We could not expect the heathen to denounce a custom so emphatically their own; yet we find the wisest and best of them reprobating it in the strongest terms. Here are the


words of the great moralist of antiquity, SENECA: punish murders and massacres committed amongst private persons; what do we respecting wars, and the glorious crime of murdering whole nations? Here avarice and cruelty know no bounds. Barbarities are authorized by decrees of the senate and the votes of the people; and things, which if men had done in their private capacity, they would have paid for with their lives, we extol when perpetrated in regimentals at the bidding of a general."-MINUTIUS calls it "the part of a wild beast, not of man, to inquire how bite may be returned for bite, and evil for evil."-CICERO complains bitterly of the effects of war on the liberal arts and peaceful pursuits, and says: "As soon as the alarm of war is sounded, wisdom herself, the mistress of affairs, is driven from the field; force bears sway, and the grim soldier alone is caressed."



CLARKSON says, that "so long as the lamp of christianity burnt pure and bright, christians held it unlawful to bear arms, and actually abstained from the use of them at the hazard of their lives." The opinions of the first christian writers after the apostles relative to war, were similar for 300 years, if not longer. JUSTIN MARTYR, one of the earliest in the second century, and TATIAN, the disciple of Justin, both consider war unlawful, as does CLEMENS of Alexandria, a contemporary of the latter. IRENEUS, who flourished in 180, declares that "christians have changed their sword into instruments of peace, and they know not how to fight;" and TERTULLIAN, a little later, says, "Can one who professes the peaceable doctrine of the gospel, be a soldier? Jesus Christ, by disarming Peter, disarmed every soldier afterwards." To these testimonies might be added those of CYPRIAN, AMBROSE, CHRYSOSTOM, JEROME, and many others who were of opinion that it was unlawful for christians to engage in war.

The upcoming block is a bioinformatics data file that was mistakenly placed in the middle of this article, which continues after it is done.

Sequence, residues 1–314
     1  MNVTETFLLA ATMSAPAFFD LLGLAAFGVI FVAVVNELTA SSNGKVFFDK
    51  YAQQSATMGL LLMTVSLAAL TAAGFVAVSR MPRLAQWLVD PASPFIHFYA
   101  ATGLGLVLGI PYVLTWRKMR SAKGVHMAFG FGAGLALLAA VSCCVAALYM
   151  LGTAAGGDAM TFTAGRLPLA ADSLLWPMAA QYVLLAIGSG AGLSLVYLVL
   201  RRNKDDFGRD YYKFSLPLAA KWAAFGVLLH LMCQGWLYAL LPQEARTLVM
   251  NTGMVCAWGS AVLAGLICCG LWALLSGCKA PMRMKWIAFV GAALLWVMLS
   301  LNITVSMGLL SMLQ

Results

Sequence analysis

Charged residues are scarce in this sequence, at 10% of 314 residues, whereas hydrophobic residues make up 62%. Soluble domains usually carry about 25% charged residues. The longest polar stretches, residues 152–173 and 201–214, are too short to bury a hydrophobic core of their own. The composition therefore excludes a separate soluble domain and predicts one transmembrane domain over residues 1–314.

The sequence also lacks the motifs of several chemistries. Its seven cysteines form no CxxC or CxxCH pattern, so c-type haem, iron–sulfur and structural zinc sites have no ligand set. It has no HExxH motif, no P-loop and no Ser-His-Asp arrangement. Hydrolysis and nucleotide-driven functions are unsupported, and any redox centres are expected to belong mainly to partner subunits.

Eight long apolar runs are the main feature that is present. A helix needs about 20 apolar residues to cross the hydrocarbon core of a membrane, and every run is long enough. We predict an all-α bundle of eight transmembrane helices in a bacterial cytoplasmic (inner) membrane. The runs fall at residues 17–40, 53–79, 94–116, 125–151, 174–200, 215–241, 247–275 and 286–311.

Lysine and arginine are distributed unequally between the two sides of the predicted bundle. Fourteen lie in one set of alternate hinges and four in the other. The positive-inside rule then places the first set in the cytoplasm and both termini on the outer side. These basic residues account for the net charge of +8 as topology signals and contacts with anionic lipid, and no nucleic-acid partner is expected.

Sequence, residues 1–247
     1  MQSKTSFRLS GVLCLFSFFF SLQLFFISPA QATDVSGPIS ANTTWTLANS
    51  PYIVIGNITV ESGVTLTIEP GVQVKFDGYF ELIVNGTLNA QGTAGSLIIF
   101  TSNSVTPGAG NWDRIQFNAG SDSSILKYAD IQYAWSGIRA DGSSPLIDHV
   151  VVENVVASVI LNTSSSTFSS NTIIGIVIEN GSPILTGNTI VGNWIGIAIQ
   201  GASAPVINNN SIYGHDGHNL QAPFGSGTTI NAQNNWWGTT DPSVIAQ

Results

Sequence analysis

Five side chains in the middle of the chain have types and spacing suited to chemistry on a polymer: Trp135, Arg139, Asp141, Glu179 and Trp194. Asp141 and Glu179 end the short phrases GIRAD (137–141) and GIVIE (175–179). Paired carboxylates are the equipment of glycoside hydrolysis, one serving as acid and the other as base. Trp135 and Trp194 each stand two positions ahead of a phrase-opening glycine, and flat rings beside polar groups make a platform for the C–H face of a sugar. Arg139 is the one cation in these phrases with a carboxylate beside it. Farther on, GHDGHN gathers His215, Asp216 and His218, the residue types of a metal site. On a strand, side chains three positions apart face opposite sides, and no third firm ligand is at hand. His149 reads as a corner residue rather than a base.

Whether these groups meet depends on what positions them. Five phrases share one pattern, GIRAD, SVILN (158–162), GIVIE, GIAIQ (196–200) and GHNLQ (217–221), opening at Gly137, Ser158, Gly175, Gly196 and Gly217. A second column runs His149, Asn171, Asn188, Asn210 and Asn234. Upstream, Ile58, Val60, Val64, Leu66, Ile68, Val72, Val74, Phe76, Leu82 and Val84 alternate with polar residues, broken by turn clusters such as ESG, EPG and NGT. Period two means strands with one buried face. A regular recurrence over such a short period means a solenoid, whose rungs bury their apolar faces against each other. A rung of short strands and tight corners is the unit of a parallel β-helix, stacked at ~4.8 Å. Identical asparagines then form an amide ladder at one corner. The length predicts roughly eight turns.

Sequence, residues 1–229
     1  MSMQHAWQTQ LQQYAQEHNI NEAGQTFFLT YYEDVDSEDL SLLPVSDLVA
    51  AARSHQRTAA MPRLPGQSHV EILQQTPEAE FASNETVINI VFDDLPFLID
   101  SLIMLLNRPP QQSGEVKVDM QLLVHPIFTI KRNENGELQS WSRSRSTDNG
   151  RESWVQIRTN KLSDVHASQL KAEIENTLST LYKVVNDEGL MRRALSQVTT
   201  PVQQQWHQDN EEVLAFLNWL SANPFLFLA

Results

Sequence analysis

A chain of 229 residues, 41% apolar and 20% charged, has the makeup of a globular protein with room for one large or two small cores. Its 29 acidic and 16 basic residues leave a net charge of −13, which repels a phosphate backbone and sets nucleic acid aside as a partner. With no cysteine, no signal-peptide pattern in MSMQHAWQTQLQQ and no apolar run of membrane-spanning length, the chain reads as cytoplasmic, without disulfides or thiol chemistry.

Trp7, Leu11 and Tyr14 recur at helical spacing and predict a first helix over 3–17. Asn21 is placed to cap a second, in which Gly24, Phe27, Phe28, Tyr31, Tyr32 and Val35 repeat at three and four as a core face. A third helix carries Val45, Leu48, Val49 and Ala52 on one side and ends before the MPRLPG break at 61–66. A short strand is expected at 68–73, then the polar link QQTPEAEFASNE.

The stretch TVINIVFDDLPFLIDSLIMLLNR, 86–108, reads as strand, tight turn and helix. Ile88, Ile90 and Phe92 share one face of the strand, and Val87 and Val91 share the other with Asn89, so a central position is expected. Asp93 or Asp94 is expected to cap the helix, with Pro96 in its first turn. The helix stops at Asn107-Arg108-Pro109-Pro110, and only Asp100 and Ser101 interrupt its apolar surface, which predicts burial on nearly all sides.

In support of these views the early christians suffered even unto death, usually testifying at the place of execution, as in the case of Maximilian, Marcellus, &c., that being christians they could not bear arms for any earthly consideration.



WYCLIFFE, the " morning star of the Reformation," says, "What honour falls to a knight that kills many men? hangman killeth many more, and with a better title. were it for men to be butchers of beasts, than butchers of their brethren!"


ERASMUS, who lived about 150 years after Wycliffe, wrote against war with unrivalled beauty and force. He says, "If there is in the affairs of mortal men any one thing which it is proper uniformly to explode, and incumbent on every man by every lawful means to avoid, to deprecate, to oppose, that one thing is doubtless, war. There is nothing more unnaturally wicked, more productive of misery, more extensively destructive, more obstinate in mischief, more unworthy of man as formed by nature, much more of man professing christianity. Yet, wonderful to relate, war is undertaken, and cruelly, savagely conducted, not only by unbelievers but by (professing) christians."

THOMAS SECKER, archbishop of Canterbury, thus speaks: -"War in all cases is accompanied with dreadful evils, of which we are apt to consider the heavy expense as if it were


the only one, and forget the sufferings and miserable deaths of such multitudes of human creatures, though EVERY ONE of them is a MURDER committed by the authors of this calamity."

JOHN WESLEY thus expostulates: "You may pour out your soul, and bemoan the loss of true genuine love in the earth. Lost indeed! You may well say, but not in the ancient sense, 'See how THESE CHRISTIANS love one another!' These christian kingdoms that are tearing at each other's bowels, desolating one another with fire and sword! These christian nations that are all on fire with intestine broils, party against party, and faction against faction! Yea, what is most dreadful of all, these christian churches (tell it not in Gath; but, alas! how can we hide it from Jews, Turks, and Pagans?) that bear the name of Christ, the Prince of Peace, yet wage continual war with each other!"